Nine years of being told no wasn't enough to deter Paul Kieffer from his fight for a sign on U.S. 52.
The owner of Rochester's Red Wing Shoes vowed to himself he would keep trekking to the Capitol until he convinced lawmakers.
"I figured I would go up there every year until I won. I thought maybe they'd get sick of me," he said.
Kieffer's determination paid off. In May, lawmakers approved a bill allowing Kieffer to have a sign installed advertising his store on northbound U.S. 52 near the 37th Street Northwest exit. That meant going against the Minnesota Department of Transportation's long-standing guidelines, which only allow these types of signs in rural areas. Even then, retail shops are not permitted to be on these signs.
Last month, Kieffer's blue sign was installed on U.S. 52 at a cost of $854, according to MnDOT District 6 spokesman Mike Dougherty. The Rochester businessman picked up the full cost of the sign.
The battle over the sign dates back to 2005, when noise barriers were installed along U.S. 52. Kieffer, whose business sits along the highway, said it was not unusual for truckers to see the Red Wing Shoes sign along U.S. 52 and exit to visit the store. But once the noise barriers went up, Kieffer said his business lost valuable visibility. He estimates his sales dropped by 10 percent to 15 percent.
So Kieffer approached MnDOT about getting what's called a "specific services sign." The department determined Red Wing Shoes did not meet the department's criteria. Kieffer appealed that decision to MnDOT's External Sign Variance Committee. The committee upheld the department's decision. That's when Kieffer turned to state lawmakers for help.
Sen. Dave Senjem, R-Rochester, agreed to introduce a bill in 2007 to force MnDOT to install the sign. Senjem served on the Rochester City Council when the noise barriers along U.S. 52 were approved, and he was worried then that businesses would end up suffering as a result.
But while Senjem backed Kieffer's cause, he wasn't optimistic."It's one of those bills honestly you don't think has a snowball's chance. You don't expect it to pass," he said.
Senjem's first three attempts to get the bill passed went nowhere. He introduced it again in 2013 and got a hearing before the Senate Transportation and Public Safety Committee on March 4, 2013.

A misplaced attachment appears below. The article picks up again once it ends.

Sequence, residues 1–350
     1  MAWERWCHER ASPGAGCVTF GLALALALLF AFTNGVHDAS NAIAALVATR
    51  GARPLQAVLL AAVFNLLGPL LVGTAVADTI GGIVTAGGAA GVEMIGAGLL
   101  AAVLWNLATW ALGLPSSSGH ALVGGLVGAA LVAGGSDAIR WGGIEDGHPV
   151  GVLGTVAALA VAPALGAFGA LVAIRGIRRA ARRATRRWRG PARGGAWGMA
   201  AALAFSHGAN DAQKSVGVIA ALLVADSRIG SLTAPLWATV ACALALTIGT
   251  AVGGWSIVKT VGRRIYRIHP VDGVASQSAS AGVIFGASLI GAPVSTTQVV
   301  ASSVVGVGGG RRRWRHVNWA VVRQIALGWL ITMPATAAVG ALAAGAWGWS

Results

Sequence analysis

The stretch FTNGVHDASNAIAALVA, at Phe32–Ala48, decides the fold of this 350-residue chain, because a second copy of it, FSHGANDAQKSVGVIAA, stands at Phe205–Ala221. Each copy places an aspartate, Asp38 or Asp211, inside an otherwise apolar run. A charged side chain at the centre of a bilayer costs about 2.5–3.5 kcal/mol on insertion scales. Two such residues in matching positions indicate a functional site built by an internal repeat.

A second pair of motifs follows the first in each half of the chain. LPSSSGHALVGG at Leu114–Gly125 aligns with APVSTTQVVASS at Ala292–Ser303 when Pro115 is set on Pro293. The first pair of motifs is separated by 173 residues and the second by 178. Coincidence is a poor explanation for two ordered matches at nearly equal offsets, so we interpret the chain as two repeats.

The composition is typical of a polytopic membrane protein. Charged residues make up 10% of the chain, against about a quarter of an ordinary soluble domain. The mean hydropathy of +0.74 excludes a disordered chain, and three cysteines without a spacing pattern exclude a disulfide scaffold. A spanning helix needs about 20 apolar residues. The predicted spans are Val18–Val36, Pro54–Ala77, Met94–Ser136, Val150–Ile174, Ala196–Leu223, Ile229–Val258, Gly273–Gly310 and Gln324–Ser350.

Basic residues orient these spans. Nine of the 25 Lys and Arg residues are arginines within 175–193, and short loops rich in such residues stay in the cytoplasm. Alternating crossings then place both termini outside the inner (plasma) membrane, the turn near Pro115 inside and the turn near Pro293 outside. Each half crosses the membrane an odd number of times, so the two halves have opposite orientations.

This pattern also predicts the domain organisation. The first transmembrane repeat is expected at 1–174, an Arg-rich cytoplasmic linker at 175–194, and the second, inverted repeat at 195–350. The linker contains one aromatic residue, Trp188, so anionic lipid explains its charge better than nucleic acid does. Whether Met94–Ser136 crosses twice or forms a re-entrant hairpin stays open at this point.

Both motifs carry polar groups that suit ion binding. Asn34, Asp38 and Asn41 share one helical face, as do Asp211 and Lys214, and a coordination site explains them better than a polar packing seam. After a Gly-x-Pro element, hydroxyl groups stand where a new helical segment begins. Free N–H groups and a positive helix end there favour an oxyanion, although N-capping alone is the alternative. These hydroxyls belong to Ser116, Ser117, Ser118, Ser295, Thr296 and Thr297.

As expected, an official from the Minnesota Department of Transportation testified against the bill.
Peter Buchen, with MnDOT's Office of Traffic, Safety and Technology, told lawmakers the agency maintains 400,000 signs statewide and that these sorts of signs are meant to inform motorists of services they may need for a trip, such as food, gas and lodging.
If the Red Wing Shoes sign was OK'd, Buchen warned lawmakers that "we anticipate we would receive a tremendous increase in requests for retail businesses, and we're not sure how we would be able to handle such a thing."
To Senjem's surprise, committee members sided with Kieffer.
"It was just like a runaway freight train at the committee table in terms of their support for signage for this person," he said.
Sen. Torrey Westrom, R-Elbow Lake, said during the hearing, it seemed reasonable to allow the sign because the noise barriers that MnDOT had installed hurt the visibility of Kieffer's business.
"People pay good money for location. That's oftentimes why you buy real estate," he said.
Ultimately, the committee approved the bill's inclusion in a larger transportation bill, which went on to pass and receive the governor's signature.
Kieffer is thrilled to finally have his sign.
"A lot of folks (have mentioned the sign)," he said. "I think it's even brought in new business."
As for the concern this precedent could lead other retailers to ask for a sign, Senjem acknowledged that could be an issue. But he said the effort required to get such an exemption may deter those requests. Without Kieffer's dogged determination, Senjem said this bill would never have passed.
He added, "It shows the power of one person and persistence."